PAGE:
By Max Green
Online collaboration tools have been widely used for quite a long time now. Professionals regularly use video conferencing services to talk with colleagues around the world. But it wasn’t until COVID-19 put our entire country on lockdown that we found ourselves talking to our office mates through various online collaboration tools. As a result, it’s more important now than ever to look professional online.
One of the best ways to do this is by changing up your lighting to make you look presentable and professional.
Lighting professionals use a three-point light setup to illuminate a shot, allowing them full control of light and shadow. The three points are Backlight, Key Light, and Fill Light. Instead of spending a lot of money on pro-lighting, here are ten easy tips and tricks that you can do with what you already have that will positively change how your colleagues perceive you online.
1: Take inventory of every light source in your office.
This means looking for windows, lamps, overhead lighting, and even your computer screens. The amount of light and the direction it is coming from can make or break your video quality.
It’s also important to pay attention to how much natural light comes into your office at different times of the day. If it’s late afternoon and your side window is wide open, the sunlight could be washing your face with bright light, making you look like a ghost on a webcam. Pros refer to this as “Blowout.” Conversely, if the light is behind you, your face could be dark and obscured, which is called “Silhouetting.”
Once you have a good idea of all of the light sources in your office, you can easily determine what sources are hindering your video conference calls and what sources are helping.
2: Pay attention to the quality and strength of your light sources.
Light sources are defined by two factors: The color of the light and the quality of the light.
In online collaboration, color is usually not as important as the quality of the light source. Light quality is determined by only two definitions: Hard light and Soft light.
The best example of Hard light is direct sunlight. It is strong and puts an extreme amount of light. When shining directly on your face, it will “blow out” and make you look white on a camera. Direct light from an uncovered light bulb is another great example of Hard light.
Soft light is what you see on a cloudy day. The sunlight travels through the clouds and diffuses. Nothing is too bright or harshly reflects the light. You also see this when looking at the light shining through a lighter colored lampshade or overhead lighting with fogged glass covering the bulb.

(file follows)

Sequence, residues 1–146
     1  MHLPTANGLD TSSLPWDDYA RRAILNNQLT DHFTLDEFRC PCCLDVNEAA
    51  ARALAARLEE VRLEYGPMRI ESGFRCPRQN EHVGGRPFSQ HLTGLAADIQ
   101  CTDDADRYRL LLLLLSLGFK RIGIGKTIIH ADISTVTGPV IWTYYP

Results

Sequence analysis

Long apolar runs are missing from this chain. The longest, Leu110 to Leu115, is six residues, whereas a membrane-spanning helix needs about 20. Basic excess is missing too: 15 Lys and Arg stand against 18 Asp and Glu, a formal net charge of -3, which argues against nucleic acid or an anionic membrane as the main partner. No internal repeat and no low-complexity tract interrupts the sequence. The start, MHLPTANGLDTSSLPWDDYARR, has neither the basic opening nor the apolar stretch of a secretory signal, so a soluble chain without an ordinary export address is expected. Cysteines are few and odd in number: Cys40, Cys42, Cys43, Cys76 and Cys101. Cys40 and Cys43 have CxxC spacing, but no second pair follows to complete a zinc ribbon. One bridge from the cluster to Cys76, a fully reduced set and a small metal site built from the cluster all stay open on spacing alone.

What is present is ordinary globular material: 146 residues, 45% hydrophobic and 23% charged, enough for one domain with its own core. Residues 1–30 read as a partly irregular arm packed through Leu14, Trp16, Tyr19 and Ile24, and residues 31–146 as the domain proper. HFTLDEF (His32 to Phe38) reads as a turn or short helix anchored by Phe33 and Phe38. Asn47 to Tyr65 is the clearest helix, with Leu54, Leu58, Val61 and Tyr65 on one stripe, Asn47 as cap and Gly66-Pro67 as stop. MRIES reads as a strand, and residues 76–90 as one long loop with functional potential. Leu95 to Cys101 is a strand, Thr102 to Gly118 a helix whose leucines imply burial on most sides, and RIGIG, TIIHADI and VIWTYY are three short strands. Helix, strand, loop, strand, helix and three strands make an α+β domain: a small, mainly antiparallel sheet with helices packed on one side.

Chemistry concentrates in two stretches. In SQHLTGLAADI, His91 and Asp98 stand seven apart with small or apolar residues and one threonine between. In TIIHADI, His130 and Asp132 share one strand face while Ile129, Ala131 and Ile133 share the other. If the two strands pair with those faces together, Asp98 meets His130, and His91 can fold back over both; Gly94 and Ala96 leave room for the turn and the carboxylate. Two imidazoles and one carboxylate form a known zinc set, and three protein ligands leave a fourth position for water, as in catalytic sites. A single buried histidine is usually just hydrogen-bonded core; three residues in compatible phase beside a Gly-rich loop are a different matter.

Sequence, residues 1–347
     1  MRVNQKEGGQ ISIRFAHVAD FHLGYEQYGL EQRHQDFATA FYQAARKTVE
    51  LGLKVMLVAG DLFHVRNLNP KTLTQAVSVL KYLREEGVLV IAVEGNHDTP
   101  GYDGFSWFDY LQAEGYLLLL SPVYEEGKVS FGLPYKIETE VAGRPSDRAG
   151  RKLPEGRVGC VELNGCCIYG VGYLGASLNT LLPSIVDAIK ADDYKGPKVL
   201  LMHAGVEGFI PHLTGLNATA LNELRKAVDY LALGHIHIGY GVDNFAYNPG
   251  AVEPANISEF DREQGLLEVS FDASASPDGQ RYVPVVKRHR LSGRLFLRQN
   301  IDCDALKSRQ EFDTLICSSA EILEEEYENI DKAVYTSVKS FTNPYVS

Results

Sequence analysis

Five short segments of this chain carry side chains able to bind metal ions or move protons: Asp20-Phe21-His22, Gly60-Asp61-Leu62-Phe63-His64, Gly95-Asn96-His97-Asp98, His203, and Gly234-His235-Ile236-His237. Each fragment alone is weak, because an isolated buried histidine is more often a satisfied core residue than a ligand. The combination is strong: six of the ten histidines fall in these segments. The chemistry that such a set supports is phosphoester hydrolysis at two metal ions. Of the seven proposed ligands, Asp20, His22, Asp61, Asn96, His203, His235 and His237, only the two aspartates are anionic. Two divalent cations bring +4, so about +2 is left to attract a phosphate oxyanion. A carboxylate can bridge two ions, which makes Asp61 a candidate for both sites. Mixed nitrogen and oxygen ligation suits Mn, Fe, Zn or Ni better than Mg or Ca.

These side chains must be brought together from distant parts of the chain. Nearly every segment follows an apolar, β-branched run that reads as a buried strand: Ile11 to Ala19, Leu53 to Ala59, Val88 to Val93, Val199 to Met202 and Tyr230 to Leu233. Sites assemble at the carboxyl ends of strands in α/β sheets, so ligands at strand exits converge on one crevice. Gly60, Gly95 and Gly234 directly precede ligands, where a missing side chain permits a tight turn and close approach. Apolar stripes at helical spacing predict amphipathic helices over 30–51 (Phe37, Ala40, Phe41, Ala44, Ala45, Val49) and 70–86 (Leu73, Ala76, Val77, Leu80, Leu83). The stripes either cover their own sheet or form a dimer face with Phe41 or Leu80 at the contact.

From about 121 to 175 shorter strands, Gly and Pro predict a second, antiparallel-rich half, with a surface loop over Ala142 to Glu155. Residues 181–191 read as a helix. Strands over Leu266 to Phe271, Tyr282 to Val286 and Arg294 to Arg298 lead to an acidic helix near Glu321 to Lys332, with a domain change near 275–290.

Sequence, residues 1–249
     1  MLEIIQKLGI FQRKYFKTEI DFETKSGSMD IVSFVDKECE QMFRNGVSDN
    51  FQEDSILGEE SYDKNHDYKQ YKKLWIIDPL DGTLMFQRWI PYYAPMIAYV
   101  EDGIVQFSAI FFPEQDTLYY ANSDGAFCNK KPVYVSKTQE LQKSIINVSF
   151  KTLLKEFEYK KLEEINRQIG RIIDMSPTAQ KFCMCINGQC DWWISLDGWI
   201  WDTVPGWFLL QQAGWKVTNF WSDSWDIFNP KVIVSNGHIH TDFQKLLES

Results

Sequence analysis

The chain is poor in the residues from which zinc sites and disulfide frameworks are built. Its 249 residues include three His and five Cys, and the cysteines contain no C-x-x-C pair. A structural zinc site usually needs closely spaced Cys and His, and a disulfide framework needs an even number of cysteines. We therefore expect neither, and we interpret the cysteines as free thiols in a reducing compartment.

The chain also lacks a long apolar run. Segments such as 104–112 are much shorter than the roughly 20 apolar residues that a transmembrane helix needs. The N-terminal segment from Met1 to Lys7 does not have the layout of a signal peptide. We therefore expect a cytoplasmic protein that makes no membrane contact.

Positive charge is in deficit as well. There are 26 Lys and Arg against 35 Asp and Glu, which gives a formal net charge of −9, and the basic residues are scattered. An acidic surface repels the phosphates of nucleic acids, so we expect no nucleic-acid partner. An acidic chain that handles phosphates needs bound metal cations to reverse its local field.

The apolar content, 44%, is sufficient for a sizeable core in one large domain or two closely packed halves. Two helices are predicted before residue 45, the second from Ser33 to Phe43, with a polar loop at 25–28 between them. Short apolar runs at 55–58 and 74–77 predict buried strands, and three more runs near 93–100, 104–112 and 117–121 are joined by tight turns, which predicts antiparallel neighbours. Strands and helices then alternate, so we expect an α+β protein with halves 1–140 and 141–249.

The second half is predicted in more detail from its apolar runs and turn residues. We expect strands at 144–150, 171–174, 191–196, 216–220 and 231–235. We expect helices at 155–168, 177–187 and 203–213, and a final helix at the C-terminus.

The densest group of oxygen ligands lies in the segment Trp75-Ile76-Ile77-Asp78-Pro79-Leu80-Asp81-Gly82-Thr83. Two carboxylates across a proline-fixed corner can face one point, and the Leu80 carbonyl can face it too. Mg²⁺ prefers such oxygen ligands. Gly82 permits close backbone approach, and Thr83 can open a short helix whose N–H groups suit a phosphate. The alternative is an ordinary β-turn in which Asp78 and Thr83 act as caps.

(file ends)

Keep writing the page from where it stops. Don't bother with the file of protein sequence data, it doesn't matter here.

Hard light is great for lighting backgrounds but is terrible for lighting your face. Soft light is good for the exact opposite. Move the light sources in your office based on their quality to tune your lighting.
3: Find out where your light is going.
The direction of each light is pointing extremely important. Different types of light sources will send light in very specific directions. You might think a certain lamp that you have lights your face perfectly, but in many cases, lampshades block light and push it onto the ceiling or floor.
Sure, it might light the room nicely for you in person, but it could throw off the entire image online. Hard light from a directional lamp or a window can do wonders for lighting the room – but can blowout your face, making it too light.
Another thing to note is your overhead lighting. If you have a light directly above you pushing light onto the top of your head, you risk lighting only specific parts of your face. Once you understand your light sources and where the light is going, you can tune it to aid you and make changes to greatly improve lighting quality.
4: Pay attention to how much light your computer screen puts out.
Even with a nice three-point setup, a bright white computer screen can completely ruin your lighting. If this is the case, consider turning down the brightness on your screen or find a wallpaper for your desktop that is darker. Often, we share documents while on a call. Make sure your colleagues can see the doc and at the same time not overpower your face lighting. Microsoft 365 has grey and black themes that are easy on the eyes and can reduce blowout and silhouetting.
5: Pay attention to the light that’s behind you.